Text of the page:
Since then, Google has remade its 1,450 microkitchens. The unhealthy snacks — now limited for the most part to M&M’s and gummy bears — are well away from the coffee machine, hidden in opaque canisters or in a drawer. At the same time, a big bowl of fresh fruit sits alluringly in the center of the counter nearest the coffee machine.
Bakker’s team also applied the same theory to sugary drinks. The bottom half of the kitchen refrigerators’ glass doors are now frosted, allowing Googlers to see the plain water, flavored waters, carrot sticks, and yogurt, while hiding the sweetened teas and sodas. It’s not that the employees don’t know that those items are there — “We’re not dumb,” said Tina Williams with a laugh — but not seeing them reduces her temptation to indulge. David Carlsson, an engineering manager in the Cloud division in New York, told me that not seeing or eating processed snacks at work has carried over to his outside life. He’s simply fallen into the habit of reaching for something else.
This is not to say that all Google employees appreciate the effort. The company has a famously open culture — albeit one that has faced recent challenges — that encourages employees to speak up, whether it’s about Google’s controversial artificial intelligence contract Project Maven or the decision to serve less meat. And Googlers do complain about the food. They snub the small glasses at the juice and smoothie bars. (Apparently, if you want more, it’s too much trouble to carry two glasses.) Google eventually caved to a very vocal contingent’s demand that the company start serving Red Bull in its New York office.
Bakker remembers a petition one Googler started to “cancel meat,” which was quickly followed by another petition to “stop cancel meat” and then another to “stop serving kale” — which may or may not have been a joke. For his part, Bakker goes out of the way not to be seen as the food police. “As the employer, we are investing in the program, and we are dealing with your health care and your long-term health and well-being. But we very much believe in freedom of choice,” he said. “So, we’re not taking things away. There is no prescriptive: Thou shalt eat carrots.” It’s just that the environment has been subtly engineered to make carrots more appealing.
The idea of altering the environment to shift behavior is not new. Choice architecture, as it is known, is one of the foundations of behavioral science. In their 2008 book, Nudge: Improving Decisions About Health, Wealth, and Happiness, Cass Sunstein, a legal scholar, and Richard Thaler, a behavioral economist who won a Nobel Prize in 2017 for his work, demonstrated why people don’t always make rational choices, such as signing up for an employee-sponsored 401(k) plan, and how “nudges,” such as making enrollment the default, help them make better choices.
Food choices, though, are infinitely more complicated than one-off decisions like whether to enroll in a 401(k). What you decide to eat is intimate, complex, cultural, and mostly unconscious. It depends on your personal tastes, your budget, what you pass on your way to work, whether your kids or spouse are picky eaters, and what your peers deem socially acceptable. Most essentially, it’s driven by habits, which, as we know, are hard to break.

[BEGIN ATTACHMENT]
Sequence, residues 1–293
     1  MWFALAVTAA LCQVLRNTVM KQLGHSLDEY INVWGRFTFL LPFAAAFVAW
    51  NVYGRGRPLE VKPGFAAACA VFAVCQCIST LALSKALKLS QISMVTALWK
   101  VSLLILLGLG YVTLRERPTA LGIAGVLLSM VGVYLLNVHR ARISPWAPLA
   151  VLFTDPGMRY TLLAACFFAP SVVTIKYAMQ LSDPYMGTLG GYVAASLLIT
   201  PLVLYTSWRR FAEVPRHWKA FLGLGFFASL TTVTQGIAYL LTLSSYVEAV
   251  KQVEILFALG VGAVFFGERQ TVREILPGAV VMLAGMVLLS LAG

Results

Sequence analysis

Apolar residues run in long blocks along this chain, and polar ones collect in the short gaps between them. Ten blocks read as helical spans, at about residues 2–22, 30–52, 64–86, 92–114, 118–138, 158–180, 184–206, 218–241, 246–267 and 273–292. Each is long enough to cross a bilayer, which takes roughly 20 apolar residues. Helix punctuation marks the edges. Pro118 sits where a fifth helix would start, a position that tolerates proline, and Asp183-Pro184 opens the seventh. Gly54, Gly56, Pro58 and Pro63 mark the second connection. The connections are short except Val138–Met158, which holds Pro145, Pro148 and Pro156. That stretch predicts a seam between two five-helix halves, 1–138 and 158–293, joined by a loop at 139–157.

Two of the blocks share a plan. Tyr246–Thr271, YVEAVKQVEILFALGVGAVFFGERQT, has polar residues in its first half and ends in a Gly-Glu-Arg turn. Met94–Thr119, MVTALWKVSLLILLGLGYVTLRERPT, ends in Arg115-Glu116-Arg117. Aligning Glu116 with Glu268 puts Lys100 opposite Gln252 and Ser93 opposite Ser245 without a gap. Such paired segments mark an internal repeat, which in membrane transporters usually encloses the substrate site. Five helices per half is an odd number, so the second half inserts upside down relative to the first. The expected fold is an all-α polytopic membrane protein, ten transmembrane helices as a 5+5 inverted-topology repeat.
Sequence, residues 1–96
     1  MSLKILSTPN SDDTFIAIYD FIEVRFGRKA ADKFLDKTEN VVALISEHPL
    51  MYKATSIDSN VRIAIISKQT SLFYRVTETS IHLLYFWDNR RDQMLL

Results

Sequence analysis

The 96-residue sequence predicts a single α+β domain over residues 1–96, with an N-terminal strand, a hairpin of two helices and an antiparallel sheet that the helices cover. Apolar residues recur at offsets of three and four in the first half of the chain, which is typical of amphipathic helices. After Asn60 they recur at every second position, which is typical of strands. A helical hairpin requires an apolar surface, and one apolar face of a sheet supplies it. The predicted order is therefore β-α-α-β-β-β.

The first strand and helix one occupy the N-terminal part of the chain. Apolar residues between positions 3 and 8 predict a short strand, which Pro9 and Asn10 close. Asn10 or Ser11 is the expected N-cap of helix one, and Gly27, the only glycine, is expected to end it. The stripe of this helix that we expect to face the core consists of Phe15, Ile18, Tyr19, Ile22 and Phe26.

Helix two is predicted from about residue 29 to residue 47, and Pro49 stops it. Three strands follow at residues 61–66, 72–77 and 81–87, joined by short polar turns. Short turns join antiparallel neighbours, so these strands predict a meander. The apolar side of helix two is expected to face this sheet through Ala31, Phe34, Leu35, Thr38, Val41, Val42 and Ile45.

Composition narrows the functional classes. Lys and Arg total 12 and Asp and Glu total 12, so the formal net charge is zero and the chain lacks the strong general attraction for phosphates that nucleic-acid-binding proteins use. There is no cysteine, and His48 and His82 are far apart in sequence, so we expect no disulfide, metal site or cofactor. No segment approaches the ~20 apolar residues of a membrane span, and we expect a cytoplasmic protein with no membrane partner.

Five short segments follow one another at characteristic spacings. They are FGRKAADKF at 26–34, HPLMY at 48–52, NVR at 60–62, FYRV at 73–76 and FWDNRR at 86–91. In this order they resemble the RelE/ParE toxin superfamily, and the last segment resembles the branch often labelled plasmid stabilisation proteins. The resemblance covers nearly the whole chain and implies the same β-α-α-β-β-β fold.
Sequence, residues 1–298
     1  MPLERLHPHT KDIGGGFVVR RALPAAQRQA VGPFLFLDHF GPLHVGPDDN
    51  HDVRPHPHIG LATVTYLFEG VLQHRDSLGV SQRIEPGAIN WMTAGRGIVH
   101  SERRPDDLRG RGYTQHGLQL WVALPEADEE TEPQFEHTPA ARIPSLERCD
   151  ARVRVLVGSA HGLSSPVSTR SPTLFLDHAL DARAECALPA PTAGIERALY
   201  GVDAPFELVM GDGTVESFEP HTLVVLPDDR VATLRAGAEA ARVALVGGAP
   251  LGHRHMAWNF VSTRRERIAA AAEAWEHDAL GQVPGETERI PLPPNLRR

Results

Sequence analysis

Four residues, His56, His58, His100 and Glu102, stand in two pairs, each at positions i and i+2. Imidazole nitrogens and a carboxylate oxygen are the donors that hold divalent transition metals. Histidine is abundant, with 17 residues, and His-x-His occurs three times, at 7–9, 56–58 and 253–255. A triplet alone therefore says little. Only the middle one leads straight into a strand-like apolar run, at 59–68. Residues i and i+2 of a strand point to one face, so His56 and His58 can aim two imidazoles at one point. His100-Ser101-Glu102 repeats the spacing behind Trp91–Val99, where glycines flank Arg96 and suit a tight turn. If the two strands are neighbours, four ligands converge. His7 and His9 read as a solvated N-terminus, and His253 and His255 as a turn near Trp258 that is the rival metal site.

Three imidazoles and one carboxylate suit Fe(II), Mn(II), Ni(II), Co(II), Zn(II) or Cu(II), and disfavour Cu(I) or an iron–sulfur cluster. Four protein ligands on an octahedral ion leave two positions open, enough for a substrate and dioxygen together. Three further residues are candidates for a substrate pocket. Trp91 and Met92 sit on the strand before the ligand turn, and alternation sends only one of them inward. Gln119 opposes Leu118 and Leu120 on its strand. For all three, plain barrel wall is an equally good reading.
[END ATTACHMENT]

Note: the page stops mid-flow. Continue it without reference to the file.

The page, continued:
As if the challenge of changing habits wasn’t daunting enough, the field of food-choice architecture took a hit in 2018: Brian Wansink, its leading researcher, had more than a dozen papers retracted and was forced to resign from Cornell for academic misconduct. As much as anyone, Wansink was the public face of these ideas — his book Mindless Eating was a perennial bestseller — and his downfall allowed critics to dismiss tactics, like shining a light on a bowl of fruit in a cafeteria line to increase sales, that frankly can sound a little gimmicky.
But for Bakker, Wansink’s transgression doesn’t invalidate the science. “In a data-driven environment like the one at Google, we still think it’s the right thing,” he says. “Anecdotally, you can see it. You can feel it.” And so Google has plunged ahead, working with researchers to refine behavior science to address more complex scenarios.
“Early choice architecture focused specifically on the process,” said Ravi Dhar, a professor at Yale and the director of the school’s Center for Customer Insights, which partners with Google on food research. “You didn’t change the set of alternatives, but you rearranged them.” So, if the goal was to get people to eat more vegetables, you would make the salad bar the first thing people see in a cafeteria — hungry people usually grab the first food they see — and leave it at that. But it turns out that’s not enough. You also have to make the vegetables more abundant and more compelling — and do the opposite for meat.
“What we do know is that we’re doing more by trying than not doing anything at all.”
I watched Googlers file through the buffet at Hemispheres, a café at the company’s New York offices, during a busy lunch hour last summer. There was a parade of Indian dishes, and the smell of curry hugged the room. More than half the Googlers stopped at the salad station, which is placed just inside the entrance. The hot buffet line overflowed with vegetarian dishes: an okra-coconut curry, followed by roasted cauliflower with cashews, paneer cheese with tomato and peppers, and a spicy tofu vindaloo. The only meat dish was lamb korma. Abundance? Check.